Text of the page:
The Benefits of Doing Nothing
The concept of taking time away from obligations to relax and recoup is so foreign in our society that the idea is often met with confused looks; people live in a constant state of motion, often bouncing from task to task with no time to stop, breathe, and enjoy the moment. In society’s eyes, relaxing and doing nothing means wasting time… and wasting time means losing out on both money and opportunities.
The guilt that many of us feel for not being productive at all times is something we’re taught when we’re young, whether intentionally or not, and it gets carried with us as we age. This can lead to a cycle where we feel that we need to be going at all times, even when our mental and physical capacities are out of gas. We dig ourselves deeper and deeper into exhaustion trying to make the best use of our productivity each day, inevitably leading to symptoms of burnout, which are often ignored for as long as possible.
Learning to take a step back and let your mind and body recover is a valuable skill that can keep yourself afloat while battling the regular stresses of life. Taking time out to rest offers a whole slew of benefits: a boost in energy, increased creativity, time to process the new things you’ve learned, and much more. The problem, though, is that despite how simple resting is, not everyone actually knows how to do it properly.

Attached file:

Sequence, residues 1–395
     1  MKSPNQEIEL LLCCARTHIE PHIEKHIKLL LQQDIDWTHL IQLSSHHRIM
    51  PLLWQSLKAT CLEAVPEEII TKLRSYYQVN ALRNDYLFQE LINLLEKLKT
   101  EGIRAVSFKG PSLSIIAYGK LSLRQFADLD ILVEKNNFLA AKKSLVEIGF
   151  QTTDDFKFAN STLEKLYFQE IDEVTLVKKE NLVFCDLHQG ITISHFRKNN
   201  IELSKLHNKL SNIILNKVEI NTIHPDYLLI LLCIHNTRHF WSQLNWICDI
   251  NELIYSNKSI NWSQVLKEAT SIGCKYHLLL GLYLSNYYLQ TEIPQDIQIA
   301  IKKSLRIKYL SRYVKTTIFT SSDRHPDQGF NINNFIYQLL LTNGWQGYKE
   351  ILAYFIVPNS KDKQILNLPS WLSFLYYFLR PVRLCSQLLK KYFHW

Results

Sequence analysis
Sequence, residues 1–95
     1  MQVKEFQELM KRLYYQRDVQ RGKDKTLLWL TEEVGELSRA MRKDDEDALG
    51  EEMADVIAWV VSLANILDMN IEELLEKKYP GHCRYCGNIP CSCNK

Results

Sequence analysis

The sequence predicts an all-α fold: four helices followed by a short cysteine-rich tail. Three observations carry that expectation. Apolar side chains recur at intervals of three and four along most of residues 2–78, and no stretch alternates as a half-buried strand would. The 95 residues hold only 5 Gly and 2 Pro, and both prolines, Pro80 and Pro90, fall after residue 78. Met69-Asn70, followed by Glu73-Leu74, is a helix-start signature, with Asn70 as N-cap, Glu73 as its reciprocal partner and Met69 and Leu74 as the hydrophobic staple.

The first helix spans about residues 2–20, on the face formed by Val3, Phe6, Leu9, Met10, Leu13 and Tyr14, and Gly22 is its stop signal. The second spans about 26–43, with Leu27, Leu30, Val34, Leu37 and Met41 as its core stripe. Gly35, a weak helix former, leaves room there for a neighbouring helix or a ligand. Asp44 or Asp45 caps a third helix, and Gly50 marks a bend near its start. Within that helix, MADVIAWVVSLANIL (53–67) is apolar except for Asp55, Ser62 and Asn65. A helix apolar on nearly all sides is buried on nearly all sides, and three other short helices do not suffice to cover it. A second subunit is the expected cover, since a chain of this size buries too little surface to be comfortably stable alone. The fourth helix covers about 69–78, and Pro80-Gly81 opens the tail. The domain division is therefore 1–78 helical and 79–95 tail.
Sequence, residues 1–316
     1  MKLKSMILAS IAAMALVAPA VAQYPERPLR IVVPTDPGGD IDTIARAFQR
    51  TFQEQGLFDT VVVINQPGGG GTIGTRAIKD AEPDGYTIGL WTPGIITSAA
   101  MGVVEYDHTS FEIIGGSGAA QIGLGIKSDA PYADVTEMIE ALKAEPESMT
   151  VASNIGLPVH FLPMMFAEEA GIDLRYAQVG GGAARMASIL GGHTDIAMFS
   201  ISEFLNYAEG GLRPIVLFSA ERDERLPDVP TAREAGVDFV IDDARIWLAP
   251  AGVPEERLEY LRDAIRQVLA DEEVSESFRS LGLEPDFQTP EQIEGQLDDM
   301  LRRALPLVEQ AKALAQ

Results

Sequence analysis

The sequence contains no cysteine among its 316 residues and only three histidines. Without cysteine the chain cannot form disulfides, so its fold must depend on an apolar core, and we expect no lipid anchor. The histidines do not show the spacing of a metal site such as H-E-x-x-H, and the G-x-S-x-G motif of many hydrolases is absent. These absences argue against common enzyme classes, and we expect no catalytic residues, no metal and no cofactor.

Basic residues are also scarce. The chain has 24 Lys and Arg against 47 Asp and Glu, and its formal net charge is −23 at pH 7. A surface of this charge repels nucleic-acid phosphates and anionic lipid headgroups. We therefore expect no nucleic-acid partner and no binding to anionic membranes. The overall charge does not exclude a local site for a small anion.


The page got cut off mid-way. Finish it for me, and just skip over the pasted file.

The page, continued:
Sitting down to scroll social media with TV on in the background might feel like we’re resting, but in actuality our brains are still fully engaged trying to concentrate and process all of the information we’re being confronted with. Our bodies can be relaxed, yet our minds stay on. Instead of staying active by scrolling and channel-hopping during the majority of our downtime, making time to consciously do as little as possible is surprisingly effective – by taking the time to slow your day down, you can let your brain get a reset, which in turn has been shown to reduce stress, boost creativity, and (almost counterintuitively) increase your overall productivity.
Many of these ideas and ideals are embraced by the slow living movement, and incorporating them into your own life can actually be accomplished quite easily. This includes things as simple as waking up a few minutes earlier so that you have time to sit and enjoy your tea or coffee, or taking a little extra time in the shower to enjoy the feeling of the water warming your body, rather than setting an alarm that gives you as little time as possible before you rush out the door. Likewise, going for an afternoon walk to get some fresh air, instead of relentlessly pushing through your to-do list, can refresh your entire system, leaving you rejuvenated when you return to work.
Being more mindful and taking longer to do tasks like this allow the mind a chance to wander and daydream. This wandering mind provides a break from the flow of the day, allowing a focus on bodily maintenance, as well as time working through ideas and problems without distractions. Letting the mind wander can help increase bodily-awareness, possibly helping us notice when we need breaks sooner as we are more in touch with our body's stress signals. These moments of idle wandering can even be the spark for a Eureka-level thought, as the brain is relaxed and can come up with unique ideas or solutions to problems without being stressed and forced to do so.